Syrian pastor: Situation for Christians worsening
More than 1.3 million Syrians have fled the war-torn country, according to the latest figures from the United Nations High Commissioner for Refugees. The number of Internally Displaced Persons (IDPs) in Syria is over two million.
People that are staying in their embattled cities are in need of assistance. Open Doors is helping more than 3,000 families spread all over Syria in partnership with local churches. The Alliance Church in Damascus is one of them.
Open Doors recently spoke with Alliance Church pastor Edward Awabdeh. "The fighting gets closer and closer to where the church is located," he says. "Many people see no light at the end of the tunnel. Things are getting worse, with more fighting and bloodshed."
Since April 2012, Open Doors, working along side Alliance Church, has been supporting many Christian families. Open Doors is helping facilitate food supplies, medical assistance and sometimes financial support by paying the rent of apartments for temporary shelter for the homeless.
Refugees that come to Damascus often arrive with only the clothes they can carry. There is no work and no income for them. Many families rent an apartment together with one or two other families to share the costs.
The families that flee to Damascus are visited by church team members. The families are registered with the church and the visiting team makes an assessment of their situation. Then material for the relief packages has to be bought.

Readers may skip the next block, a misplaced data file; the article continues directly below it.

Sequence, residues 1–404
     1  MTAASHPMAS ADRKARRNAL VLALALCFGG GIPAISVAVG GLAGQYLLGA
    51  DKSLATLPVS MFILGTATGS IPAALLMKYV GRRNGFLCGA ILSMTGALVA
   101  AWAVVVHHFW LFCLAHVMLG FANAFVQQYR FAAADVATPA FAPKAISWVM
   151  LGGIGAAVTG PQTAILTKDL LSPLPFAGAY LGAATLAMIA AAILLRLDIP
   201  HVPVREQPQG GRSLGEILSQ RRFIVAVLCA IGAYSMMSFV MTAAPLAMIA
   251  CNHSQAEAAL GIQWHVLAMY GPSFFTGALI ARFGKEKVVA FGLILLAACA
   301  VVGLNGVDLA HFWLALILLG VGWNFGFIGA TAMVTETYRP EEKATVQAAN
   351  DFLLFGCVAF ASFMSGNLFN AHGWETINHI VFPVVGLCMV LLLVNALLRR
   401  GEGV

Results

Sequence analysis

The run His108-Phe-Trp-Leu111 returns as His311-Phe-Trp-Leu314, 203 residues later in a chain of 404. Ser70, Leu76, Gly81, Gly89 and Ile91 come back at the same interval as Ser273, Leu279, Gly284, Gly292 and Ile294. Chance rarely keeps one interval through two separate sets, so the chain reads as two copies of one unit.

"It is risky, yes," says Awabdeh. "When you need to drive through the city you run a high risk. Roads are closed. Twenty-four hours a day there is shooting and shelling."
It has been difficult to get the materials, the pastor explains. "Sometimes it takes two weeks to have enough of a product. Sometimes we do this in unconventional ways. For example, instead of buying cooking oil in small bottles, we buy it in gallons and we fill bottles with oil to distribute. For many products we have to go to the outskirts of the city and that is very risky. Sometimes we make agreements that we pay something extra to have people bring the products, and then it is their risk."
But ministry goes on. Last week the church opened a new distribution center and now the ministry is able to help hundreds of additional families.
"We thank the Lord for all the people that are praying for us. We feel the effect of that; we feel supported by that, personally and on the ministry level," says Awabdeh. "This is the time for the church to help; time to support the refugees. Who else can give hope and spread peace than the Lord?
"We see how the gospel, the message of Christ, fits in the suffering. Love touches the deepest wounds. It is a tool to open hearts....open hearts for the gospel."
Last month Open Doors launched a campaign, called "Displaced Peoples Project." It is targeting countries such as Egypt, South Sudan, Nigeria, Mali, Laos and Iraq because displacement of Christians is a worldwide problem. Thousands of Christians are being forced to leave their original family homes and villages due to persecution and ravages of war.
"The focus of this project is to embrace uprooted believers, not only in Syria, but also around the world," says Open Doors USA spokesman Jerry Dykstra. "Thousands of Christians are being forced from their homes, churches, schools and places of work. They find themselves completely destitute and face an uncertain future.
"Your gifts and prayers will equip and strengthen our brothers and sisters in Christ and at the same time enable those being dislocated to remain salt and light in their regions or in refugee camps in other countries."
Source: Christian Newswire